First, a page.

600 F2d 532 Butler v. Mutual Life Assurance Co of Canada

600 F.2d 532

Robert S. BUTLER and Deana Butler Murray, Plaintiff-Appellant,
Janis Ann (Butler) LAGAN, Defendant-Appellee.

No. 78-2786
Summary Calendar.*

United States Court of Appeals,
Fifth Circuit.

Aug. 9, 1979.

Richard Jackson, Dallas, Tex., for plaintiff-appellant.

John O. Jones, Dallas, Tex., for defendant-appellee.

Appeal from the United States District Court for the Northern District of Texas.

Before GOLDBERG, TJOFLAT and KRAVITCH, Circuit Judges.

GOLDBERG, Circuit Judge:

view counter

We affirm the judgment below on the basis of that portion of the district court's able opinion which we have appended. The district court also provided two alternative grounds for its holding; because we do not need to rely on those grounds, we have not reproduced the brief passage of the district court's opinion discussing them.




In the United States District Court


for the Northern District of Texas

Dallas Division

Robert S. Butler and

Deana Butler Murray



The Mutual Life Assurance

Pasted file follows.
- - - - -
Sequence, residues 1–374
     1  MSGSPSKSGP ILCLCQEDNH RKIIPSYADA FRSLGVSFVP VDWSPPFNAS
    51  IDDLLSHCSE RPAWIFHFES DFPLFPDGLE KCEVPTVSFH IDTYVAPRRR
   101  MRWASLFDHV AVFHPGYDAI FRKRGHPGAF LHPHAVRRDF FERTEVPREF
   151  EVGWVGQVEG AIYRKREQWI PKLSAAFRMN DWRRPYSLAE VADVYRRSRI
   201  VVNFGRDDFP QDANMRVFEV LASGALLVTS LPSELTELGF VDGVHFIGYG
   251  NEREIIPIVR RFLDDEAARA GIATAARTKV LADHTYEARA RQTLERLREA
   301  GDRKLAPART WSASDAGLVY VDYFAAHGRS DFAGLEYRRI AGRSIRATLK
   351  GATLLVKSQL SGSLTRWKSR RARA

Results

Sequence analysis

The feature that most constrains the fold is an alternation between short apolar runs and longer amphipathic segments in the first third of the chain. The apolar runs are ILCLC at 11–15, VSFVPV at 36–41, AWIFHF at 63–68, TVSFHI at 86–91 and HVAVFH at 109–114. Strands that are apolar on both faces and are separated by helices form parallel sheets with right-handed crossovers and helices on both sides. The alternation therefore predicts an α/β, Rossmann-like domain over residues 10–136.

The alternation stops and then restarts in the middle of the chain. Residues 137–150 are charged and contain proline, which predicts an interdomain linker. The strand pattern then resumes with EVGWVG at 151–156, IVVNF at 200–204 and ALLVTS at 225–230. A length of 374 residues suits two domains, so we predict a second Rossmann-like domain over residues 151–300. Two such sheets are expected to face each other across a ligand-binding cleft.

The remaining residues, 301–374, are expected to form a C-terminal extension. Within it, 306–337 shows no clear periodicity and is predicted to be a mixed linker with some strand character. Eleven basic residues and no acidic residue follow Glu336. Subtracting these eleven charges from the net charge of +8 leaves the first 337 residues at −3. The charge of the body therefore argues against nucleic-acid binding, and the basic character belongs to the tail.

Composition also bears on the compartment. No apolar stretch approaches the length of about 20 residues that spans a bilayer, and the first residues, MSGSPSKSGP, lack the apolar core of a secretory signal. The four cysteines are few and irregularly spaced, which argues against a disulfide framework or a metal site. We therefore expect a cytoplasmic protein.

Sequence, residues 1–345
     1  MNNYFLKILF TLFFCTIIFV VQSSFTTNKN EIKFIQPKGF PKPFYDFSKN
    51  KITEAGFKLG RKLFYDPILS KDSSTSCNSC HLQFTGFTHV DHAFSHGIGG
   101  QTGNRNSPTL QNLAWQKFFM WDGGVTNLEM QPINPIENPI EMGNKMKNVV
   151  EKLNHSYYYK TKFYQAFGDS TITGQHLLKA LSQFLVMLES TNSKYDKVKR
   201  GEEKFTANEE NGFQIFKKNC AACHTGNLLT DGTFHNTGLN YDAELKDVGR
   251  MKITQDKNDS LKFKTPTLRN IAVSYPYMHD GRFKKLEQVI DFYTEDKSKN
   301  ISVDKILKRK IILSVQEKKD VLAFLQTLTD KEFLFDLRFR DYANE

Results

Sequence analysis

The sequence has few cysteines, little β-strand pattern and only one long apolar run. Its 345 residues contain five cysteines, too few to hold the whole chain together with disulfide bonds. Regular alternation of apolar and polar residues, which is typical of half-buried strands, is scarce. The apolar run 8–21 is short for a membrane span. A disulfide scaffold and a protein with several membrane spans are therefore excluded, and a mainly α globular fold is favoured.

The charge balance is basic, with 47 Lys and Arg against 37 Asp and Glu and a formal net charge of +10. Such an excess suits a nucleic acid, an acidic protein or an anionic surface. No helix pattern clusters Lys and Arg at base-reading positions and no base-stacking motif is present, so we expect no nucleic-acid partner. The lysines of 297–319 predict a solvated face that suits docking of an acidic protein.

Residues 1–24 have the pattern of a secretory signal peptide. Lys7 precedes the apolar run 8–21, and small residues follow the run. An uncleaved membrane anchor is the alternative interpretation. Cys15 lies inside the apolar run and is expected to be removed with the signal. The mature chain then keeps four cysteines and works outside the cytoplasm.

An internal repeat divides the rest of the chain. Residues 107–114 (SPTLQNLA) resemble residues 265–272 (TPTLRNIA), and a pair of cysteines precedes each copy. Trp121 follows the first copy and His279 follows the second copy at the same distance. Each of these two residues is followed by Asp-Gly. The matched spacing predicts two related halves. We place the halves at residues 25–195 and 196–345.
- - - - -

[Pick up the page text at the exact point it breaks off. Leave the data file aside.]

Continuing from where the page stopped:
Company of Canada



Janis Ann (Butler) Lagan

Civil Action No. CA-3-76-1480-D

Filed July 6, 1978



HILL, ROBERT M., District Judge.


This action was instituted by Robert S. Butler and Deana Butler Murray to recover benefits payable under a life insurance policy issued by the defendant, Mutual Life Assurance of Canada, on the life of Robert S. LeSage. Mutual Life subsequently, by way of counterclaim, interplead the controversy concerning recovery of the proceeds of the policy and joined Janis Ann (Butler) Lagan in the action. Mutual Life has since been dismissed from the suit, and the case now involves the claims of Butler, Murray, and Lagan to the benefits payable under the policy. The case has been submitted to this court on an agreed stipulation of the relevant facts. The court has jurisdiction over the parties and the cause of action asserted.